(2) Term interest defined. For purposes of section 1001(e) and this paragraph, a term interest in property means—

(i) A life interest in property,

(ii) An interest in property for a term of years, or

(iii) An income interest in a trust.

Generally, subdivisions (i), (ii), and (iii) refer to an interest, present or future, in the income from property or the right to use property which will terminate or fail on the lapse of time, on the occurrence of an event or contingency, or on the failure of an event or contingency to occur. Such divisions do not refer to remainder or reversionary interests in the property itself or other interests in the property which will ripen into ownership of the entire property upon termination or failure of a preceding term interest. A term interest in property also includes any property received upon a sale or other disposition of a life interest in property, an interest in property for a term of years, or an income interest in a trust by the original holder of such interest, but only to the extent that the adjusted basis of the property received is determined by reference to the adjusted basis of the term interest so transferred.

(3) Exception. Paragraph (1) of section 1001(e) and subparagraph (1) of this paragraph shall not apply to a sale or other disposition of a term interest in property as a part of a single transaction in which the entire interest in the property is transferred to a third person or to two or more other persons, including persons who acquire such entire interest as joint tenants, tenants by the entirety, or tenants in common. See §1.1014-5 for computation of gain or loss upon such a sale or other disposition where the property has been acquired from a decedent or by gift or transfer in trust.

(4) Illustrations. For examples illustrating the application of this paragraph, see paragraph (c) of §1.1014-5.

(g) Debt instruments issued in exchange for property—(1) In general. If a debt instrument is issued in exchange for property, the amount realized attributable to the debt instrument is the issue price of the debt instrument as determined under §1.1273-2 or §1.1274-2, whichever is applicable. If, however, the issue price of the debt instrument is determined under section 1273(b)(4), the amount realized attributable to the debt instrument is its stated principal amount reduced by any unstated interest (as determined under section 483).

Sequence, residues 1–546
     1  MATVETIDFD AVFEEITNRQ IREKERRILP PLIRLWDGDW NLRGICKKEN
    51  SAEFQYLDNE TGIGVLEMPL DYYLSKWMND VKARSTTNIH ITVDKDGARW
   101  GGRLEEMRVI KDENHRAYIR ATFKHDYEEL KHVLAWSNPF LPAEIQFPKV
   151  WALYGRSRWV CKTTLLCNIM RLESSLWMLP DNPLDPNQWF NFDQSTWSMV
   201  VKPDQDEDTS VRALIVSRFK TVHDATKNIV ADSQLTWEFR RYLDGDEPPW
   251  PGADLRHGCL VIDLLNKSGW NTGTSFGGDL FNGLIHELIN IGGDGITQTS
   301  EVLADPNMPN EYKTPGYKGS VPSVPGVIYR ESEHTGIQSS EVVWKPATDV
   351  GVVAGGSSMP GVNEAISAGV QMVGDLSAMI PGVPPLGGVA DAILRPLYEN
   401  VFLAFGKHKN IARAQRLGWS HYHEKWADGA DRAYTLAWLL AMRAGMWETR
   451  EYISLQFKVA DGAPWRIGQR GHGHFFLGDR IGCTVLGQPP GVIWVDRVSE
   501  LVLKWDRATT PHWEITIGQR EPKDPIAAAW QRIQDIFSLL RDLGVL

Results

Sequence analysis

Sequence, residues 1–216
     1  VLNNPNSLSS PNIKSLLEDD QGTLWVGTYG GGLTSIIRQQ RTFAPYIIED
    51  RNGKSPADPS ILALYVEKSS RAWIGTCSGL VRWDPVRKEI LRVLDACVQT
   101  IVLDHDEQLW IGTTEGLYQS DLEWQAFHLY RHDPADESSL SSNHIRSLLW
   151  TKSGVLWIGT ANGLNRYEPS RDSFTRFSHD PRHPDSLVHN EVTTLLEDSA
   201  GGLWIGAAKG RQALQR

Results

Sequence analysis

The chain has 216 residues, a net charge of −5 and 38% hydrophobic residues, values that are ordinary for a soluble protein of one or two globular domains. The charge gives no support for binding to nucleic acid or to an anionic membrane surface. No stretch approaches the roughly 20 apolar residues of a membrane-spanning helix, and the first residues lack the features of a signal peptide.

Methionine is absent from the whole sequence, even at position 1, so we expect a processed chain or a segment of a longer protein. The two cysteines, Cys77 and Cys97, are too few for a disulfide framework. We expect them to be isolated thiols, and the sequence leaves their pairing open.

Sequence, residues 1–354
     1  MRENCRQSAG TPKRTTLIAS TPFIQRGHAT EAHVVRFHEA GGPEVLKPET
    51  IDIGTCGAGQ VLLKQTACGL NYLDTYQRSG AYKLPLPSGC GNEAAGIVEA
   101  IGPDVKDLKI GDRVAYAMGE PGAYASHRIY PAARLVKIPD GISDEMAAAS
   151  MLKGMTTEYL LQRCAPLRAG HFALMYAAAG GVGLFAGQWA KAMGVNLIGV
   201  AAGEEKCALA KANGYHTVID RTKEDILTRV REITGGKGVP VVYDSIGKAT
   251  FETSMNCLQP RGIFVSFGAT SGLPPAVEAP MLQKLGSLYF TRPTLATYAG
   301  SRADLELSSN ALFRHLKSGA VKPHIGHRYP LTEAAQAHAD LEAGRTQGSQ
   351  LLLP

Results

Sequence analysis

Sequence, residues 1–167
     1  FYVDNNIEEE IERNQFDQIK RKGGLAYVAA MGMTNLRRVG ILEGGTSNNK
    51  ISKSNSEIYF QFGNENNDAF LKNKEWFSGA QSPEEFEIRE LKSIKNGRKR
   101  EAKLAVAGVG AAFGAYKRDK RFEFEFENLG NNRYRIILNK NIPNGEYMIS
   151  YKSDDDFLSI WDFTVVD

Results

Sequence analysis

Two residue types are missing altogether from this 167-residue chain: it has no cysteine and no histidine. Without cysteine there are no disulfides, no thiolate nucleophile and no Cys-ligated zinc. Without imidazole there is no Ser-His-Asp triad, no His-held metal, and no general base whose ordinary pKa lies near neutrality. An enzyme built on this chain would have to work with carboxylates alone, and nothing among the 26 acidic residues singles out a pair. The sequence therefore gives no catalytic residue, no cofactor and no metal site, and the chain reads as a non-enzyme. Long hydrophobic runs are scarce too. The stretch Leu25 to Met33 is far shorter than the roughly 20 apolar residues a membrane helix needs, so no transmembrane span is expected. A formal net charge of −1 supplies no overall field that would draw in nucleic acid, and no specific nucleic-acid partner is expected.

(2) Certain debt instruments that provide for contingent payments—(i) In general. Paragraph (g)(1) of this section does not apply to a debt instrument subject to either §1.483-4 or §1.1275-4(c) (certain contingent payment debt instruments issued for nonpublicly traded property).

(ii) Special rule to determine amount realized. If a debt instrument subject to §1.1275-4(c) is issued in exchange for property, and the income from the exchange is not reported under the installment method of section 453, the amount realized attributable to the debt instrument is the issue price of the debt instrument as determined under §1.1274-2(g), increased by the fair market value of the contingent payments payable on the debt instrument. If a debt instrument subject to §1.483-4 is issued in exchange for property, and the income from the exchange is not reported under the installment method of section 453, the amount realized attributable to the debt instrument is its stated principal amount, reduced by any unstated interest (as determined under section 483), and increased by the fair market value of the contingent payments payable on the debt instrument. This paragraph (g)(2)(ii), however, does not apply to a debt instrument if the fair market value of the contingent payments is not reasonably ascertainable. Only in rare and extraordinary cases will the fair market value of the contingent payments be treated as not reasonably ascertainable.

(3) Coordination with section 453. If a debt instrument is issued in exchange for property, and the income from the exchange is not reported under the installment method of section 453, this paragraph (g) applies rather than §15a.453-1(d)(2) to determine the taxpayer's amount realized attributable to the debt instrument.

(4) Effective date. This paragraph (g) applies to sales or exchanges that occur on or after August 13, 1996.

(h) Severances of trusts—(1) In general. The severance of a trust (including without limitation a severance that meets the requirements of §26.2642-6 or of §26.2654-1(b) of this chapter) is not an exchange of property for other property differing materially either in kind or in extent if—

(i) An applicable state statute or the governing instrument authorizes or directs the trustee to sever the trust; and

(ii) Any non-pro rata funding of the separate trusts resulting from the severance (including non-pro rata funding as described in §26.2642-6(d)(4) or §26.2654-1(b)(1)(ii)(C) of this chapter), whether mandatory or in the discretion of the trustee, is authorized by an applicable state statute or the governing instrument.

(2) Effective/applicability date. This paragraph (h) applies to severances occurring on or after August 2, 2007. Taxpayers may apply this paragraph (h) to severances occurring on or after August 24, 2004, and before August 2, 2007.

[T.D. 6500, 25 FR 11910, Nov. 26, 1960, as amended by T.D. 7142, 36 FR 18950, Sept. 24, 1971; T.D. 7207, 37 FR 20797, Oct. 5, 1972; T.D. 7213, 37 FR 21992, Oct. 18, 1972; T.D. 8517, 59 FR 4807, Feb. 2, 1994; T.D. 8674, 61 FR 30139, June 14, 1996; T.D. 9348, 72 FR 42293, Aug. 2, 2007]